Richard Barnett: Hello? Oh yeah, what do you need?

Jenny Casas: When I met Richard Barnett in his home in North Lawndale, we were constantly interrupted by phone calls.

Richard Barnett: Could I do it later? ‘Cause I’m busy now. Thank you.

Jenny Casas: Popular guy.
Richard Barnett: Hm?
Jenny Casas: You’re a popular guy.
Richard Barnett: I’m sorry?
Jenny Casas: You’re a popular guy.
Richard Barnett: Oh, yeah! Ha.

Jenny Casas: Richard Barnett moved to North Lawndale around 1954, and lives in a two-flat with his pet parrot named Nia. He's in his 80s now, and he's been in the thick of North Lawndale's political scene since his 20s.

In his prime, Richard Barnett was a local kingmaker—but he didn’t work for the Machine.

Mr. Barnett was an independent Democrat, and an effective one, with a hand in nearly every successful aldermanic campaign in the 24th Ward after Bill Henry was out of office. He supported candidates who challenged the status quo. He hated the Regular Democratic Machine. And he hated Bill Henry.

Richard Barnett: He was Machine to the day he died.

Jenny Casas:  What does that mean?

Richard Barnett: That means he was an idiot. He was slimy. He was a crook. He was anything negative that you can say. Anything he could get money from, he used his position as alderman to get money.

Jenny Casas: In 1983 Bill Henry was elected to the position he had been working towards for more than two decades: 24th Ward alderman.

But just as he was settling into his new seat of power, the political game completely changed. A change that promised of a new kind of power for neighborhoods like North Lawndale.

Singing: Chicago, Chicago! That toddlin’ town! Chicago, Chicago. . . [music distorts and fades out]

Announcer: The Machine that ran Chicago doesn’t work anymore. Yet Jane Byrne and Richie Daley are still fighting over it. Harold Washington has a different plan.

Harold Washington: While they fight over that Machine, I shall fight for Chicago by getting jobs and money from the state and federal government.

Announcer: Harold Washington.

Harold Washington: We can all win.

Jenny Casas: In 1983 Chicago elected Harold Washington, the city’s first black mayor. It was a turning point—a stunning victory for black Chicago and for independent, anti-Machine voters.

Like Bill Henry, Harold Washington had come up as a precinct captain working for the Democratic Machine. But at some point, he broke with the system. The way Harold Washington saw it, the Machine might help individual black politicians, but it would never serve black communities as a whole. He was also disgusted by the Machine’s use of patronage—the exchange of jobs for loyalty. Patronage that built careers like Bill Henry’s and his own. As mayor, he signed onto a ruling that made it illegal to hire or fire people for political gain.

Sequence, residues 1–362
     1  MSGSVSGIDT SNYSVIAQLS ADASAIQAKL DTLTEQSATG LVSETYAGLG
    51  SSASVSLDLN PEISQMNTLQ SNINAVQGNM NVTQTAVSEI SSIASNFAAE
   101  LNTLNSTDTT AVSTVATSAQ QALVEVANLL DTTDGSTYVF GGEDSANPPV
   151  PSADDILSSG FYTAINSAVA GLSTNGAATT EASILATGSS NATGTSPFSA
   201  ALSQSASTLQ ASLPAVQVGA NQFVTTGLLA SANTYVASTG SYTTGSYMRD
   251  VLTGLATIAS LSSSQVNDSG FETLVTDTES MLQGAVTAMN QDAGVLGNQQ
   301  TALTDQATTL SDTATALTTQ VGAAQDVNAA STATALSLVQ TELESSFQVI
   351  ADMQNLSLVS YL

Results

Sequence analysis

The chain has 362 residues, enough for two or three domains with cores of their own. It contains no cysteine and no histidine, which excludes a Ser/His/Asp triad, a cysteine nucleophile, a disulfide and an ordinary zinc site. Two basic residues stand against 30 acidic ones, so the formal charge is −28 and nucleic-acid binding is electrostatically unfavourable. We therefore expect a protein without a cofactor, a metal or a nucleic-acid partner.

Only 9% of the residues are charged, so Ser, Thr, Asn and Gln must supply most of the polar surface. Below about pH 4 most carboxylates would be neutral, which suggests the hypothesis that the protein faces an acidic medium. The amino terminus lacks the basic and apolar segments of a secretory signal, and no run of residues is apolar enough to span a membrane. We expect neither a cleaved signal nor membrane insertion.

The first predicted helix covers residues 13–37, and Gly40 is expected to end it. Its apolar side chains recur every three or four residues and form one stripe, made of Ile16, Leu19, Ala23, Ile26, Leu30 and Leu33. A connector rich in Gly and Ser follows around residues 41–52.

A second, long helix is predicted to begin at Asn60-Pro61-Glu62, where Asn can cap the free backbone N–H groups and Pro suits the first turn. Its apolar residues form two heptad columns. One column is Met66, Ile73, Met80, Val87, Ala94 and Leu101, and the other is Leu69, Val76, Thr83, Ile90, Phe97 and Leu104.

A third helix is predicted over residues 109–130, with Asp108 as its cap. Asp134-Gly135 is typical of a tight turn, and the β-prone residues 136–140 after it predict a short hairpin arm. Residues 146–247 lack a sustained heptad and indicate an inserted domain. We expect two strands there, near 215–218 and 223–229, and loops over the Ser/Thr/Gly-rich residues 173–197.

Here he is talking about patronage in 1984.

Harold Washington: Well, I’m going to tell you about patronage. I went to the graveyard. I found its grave. I stomped on that grave. I jumped up and down and said, “Patronage, patronage, where are you?” And patronage didn’t answer. And you know why? It’s dead, dead, dead!

Jenny Casas: More than 99 percent of North Lawndale voted for Harold Washington in the 1983 general election. In the home of Richard Barnett, the local kingmaker, the first thing you see when you enter the foyer is a giant portrait of Harold Washington.

Jenny Casas: This is, this picture is in every living room in North Lawndale.
Richard Barnett: Oh, yeah?
Jenny Casas: Does that surprise you?
Richard Barnett: No. People came from out of town here to pick up Harold Washington buttons. I was I told you we had a thousand volunteers. Didn't pay anyone a penny.

Jenny Casas: Bill Henry had staked his entire political career on the Democratic Machine, but now the Machine was out. So, what does Bill Henry do? He flips to the other side.

Conrad Henry: My dad was a vocal supporter of Harold Washington.

Jenny Casas: Again, Bill Henry’s son, Conrad.

Conrad Henry: He dumped the regulars and went with the independents.

Jenny Casas: Arguably, given Harold Washington’s popularity in North Lawndale, Bill Henry had no choice but to support the new mayor. But citywide, there was the hope that a new black political block could make things more fair.